Pocho Poet Josiah Luis Alderete Speaks Fire In The Mission
In a city that gives the cold shoulder to working class people and creative folks that aren't backed by trust funds or tech money, Medicine for Nightmares Bookstore opens their doors to those who still care about the artistic soul of San Francisco. It's a place where you can walk in and be greeted with a warm "Hey hermano, Hey prima, Hey familia," and strike up a conversation with the booksellers, fellow readers or local writers that frequent the Mission shop. It's a venue where folks can read to a supportive inter generational audience, a gallery space showcasing artists of color, a community sanctuary to just stop in and exhale a deep breath from the chaos of the city.
It's a vibe that is tended to and nurtured by co-owner and poet Josiah Luis Alderete. Coming of age in San Francisco in the 90s, he became immersed in the vibrant literary scene bourgeoning in the Mission. "People say North Beach is the heart of a literary scene in San Pancho or in San Francisco, and I'd say, nah, man, it's the Mission," he muses. As bookstores and cafes from that era have shuttered in the neighborhood, Alderete is helping keep the Mission poetry scene alive through organizing and booking local writers to read and share their work at the 24th street bookstore.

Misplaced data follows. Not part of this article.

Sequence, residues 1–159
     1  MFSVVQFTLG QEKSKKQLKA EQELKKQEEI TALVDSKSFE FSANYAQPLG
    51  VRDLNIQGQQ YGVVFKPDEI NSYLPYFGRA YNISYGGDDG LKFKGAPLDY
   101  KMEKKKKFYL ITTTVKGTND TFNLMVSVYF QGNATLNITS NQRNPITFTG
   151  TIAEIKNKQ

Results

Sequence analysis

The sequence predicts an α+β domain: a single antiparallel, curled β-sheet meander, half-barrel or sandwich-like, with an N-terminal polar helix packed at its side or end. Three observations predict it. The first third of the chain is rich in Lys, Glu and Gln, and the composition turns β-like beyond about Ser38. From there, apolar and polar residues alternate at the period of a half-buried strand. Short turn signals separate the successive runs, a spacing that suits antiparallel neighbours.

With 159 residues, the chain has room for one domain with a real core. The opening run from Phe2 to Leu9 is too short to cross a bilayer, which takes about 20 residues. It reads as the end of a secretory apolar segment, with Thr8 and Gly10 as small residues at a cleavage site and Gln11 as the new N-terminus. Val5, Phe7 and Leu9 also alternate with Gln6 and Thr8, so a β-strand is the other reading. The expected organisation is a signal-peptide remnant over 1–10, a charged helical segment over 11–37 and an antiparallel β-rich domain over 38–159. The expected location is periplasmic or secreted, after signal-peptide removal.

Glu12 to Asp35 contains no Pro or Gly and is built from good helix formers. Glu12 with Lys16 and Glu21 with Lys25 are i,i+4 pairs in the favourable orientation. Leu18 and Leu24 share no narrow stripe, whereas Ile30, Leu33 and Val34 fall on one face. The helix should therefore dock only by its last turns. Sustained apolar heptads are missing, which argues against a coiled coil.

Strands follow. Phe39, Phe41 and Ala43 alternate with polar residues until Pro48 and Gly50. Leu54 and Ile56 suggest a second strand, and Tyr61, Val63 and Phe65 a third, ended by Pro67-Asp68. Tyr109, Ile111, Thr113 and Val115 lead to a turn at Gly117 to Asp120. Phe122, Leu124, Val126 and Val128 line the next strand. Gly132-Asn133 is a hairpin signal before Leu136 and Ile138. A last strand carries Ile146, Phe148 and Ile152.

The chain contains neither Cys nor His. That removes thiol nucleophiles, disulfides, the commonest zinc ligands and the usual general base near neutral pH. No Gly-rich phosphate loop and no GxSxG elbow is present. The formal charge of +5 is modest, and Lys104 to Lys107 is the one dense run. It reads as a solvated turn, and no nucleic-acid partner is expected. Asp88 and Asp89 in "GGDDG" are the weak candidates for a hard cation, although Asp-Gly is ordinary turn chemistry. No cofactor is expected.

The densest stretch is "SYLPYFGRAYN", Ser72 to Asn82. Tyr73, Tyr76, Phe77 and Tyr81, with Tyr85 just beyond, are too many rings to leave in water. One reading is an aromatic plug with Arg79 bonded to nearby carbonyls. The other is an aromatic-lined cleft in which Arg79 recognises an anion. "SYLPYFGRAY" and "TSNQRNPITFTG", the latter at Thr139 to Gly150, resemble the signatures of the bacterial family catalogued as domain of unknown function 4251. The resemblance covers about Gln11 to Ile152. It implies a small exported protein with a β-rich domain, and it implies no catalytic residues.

In our conversation back in March 2022, Josiah shared literary history of the Mission, why Axolotl's show up in his pocho poems, and how his work is a form of memory keeping.